• Increase the amount of low-income housing tax credit (LIHTC) available to states by 12.5 percent and lower the bond-financing threshold for the credit from 50 percent to 30 percent from 2023 through 2025
  • Expand Section 179 expensing by increasing the maximum deduction from $1.16 million to $1.29 million and increasing the phaseout threshold from $2.89 million to $3.22 million for tax years beginning after 2023, with these levels indexed for inflation thereafter
  • Provide relief from double taxation for residents of Taiwan, consistent with standard bilateral treaties the U.S. has with many countries
  • Provide tax relief for losses and other situations related to qualified disaster areas or events
  • Gradually increase certain information reporting requirement thresholds from $600 to $1,000, adjusted for inflation after 2024

To offset the cost of the proposed tax cuts within the 10-year budget window, the bill outlines measures to enhance enforcement and make adjustments to the COVID-era Employee Retention Tax Credit (ERTC). Currently, this credit can be claimed on amended returns until April 15, 2025, according to existing law.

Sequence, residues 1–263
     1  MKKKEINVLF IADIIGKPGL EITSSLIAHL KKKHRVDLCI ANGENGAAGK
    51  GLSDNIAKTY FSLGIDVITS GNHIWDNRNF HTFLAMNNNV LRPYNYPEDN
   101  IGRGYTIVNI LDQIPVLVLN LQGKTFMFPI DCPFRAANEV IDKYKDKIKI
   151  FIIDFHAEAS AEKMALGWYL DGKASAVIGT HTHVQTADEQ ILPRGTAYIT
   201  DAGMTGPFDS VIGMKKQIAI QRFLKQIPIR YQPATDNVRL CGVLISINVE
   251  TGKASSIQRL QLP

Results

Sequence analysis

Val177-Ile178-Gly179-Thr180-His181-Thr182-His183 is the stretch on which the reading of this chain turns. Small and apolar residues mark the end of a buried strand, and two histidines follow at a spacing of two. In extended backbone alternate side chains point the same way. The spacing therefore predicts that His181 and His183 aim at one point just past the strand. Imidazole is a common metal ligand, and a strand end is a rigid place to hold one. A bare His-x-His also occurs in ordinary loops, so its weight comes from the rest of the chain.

The legislation proposes penalties for individuals or entities identified as “ERTC promoters” who have not adhered to the stipulated requirements for preparing ERTC claims. It also suggests an extension of the statute of limitations on assessments related to the ERTC.

Additionally, the bill aims to restrict claims for the ERTC after January 31, 2024, preventing further utilization of the credit beyond this specified date. These changes collectively contribute to the effort to fund the proposed tax cuts over the specified 10-year budget period.

Economic, Revenue, and Distributional Effects

The economic, revenue and distributional effects of the proposed changes were analyzed, focusing on adjustments to R&D expensing, bonus depreciation, the net interest limitation, and the child tax credit (excluding the CTC lookback provision). Revenue scores for the remaining provisions were sourced from estimates provided by the Joint Committee on Taxation (JCT). The results incorporate the 2022 and 2023 changes into the revenue and distributional outcomes for 2024, aligning with the timing of when the government and taxpayers would experience shifts in revenue and income.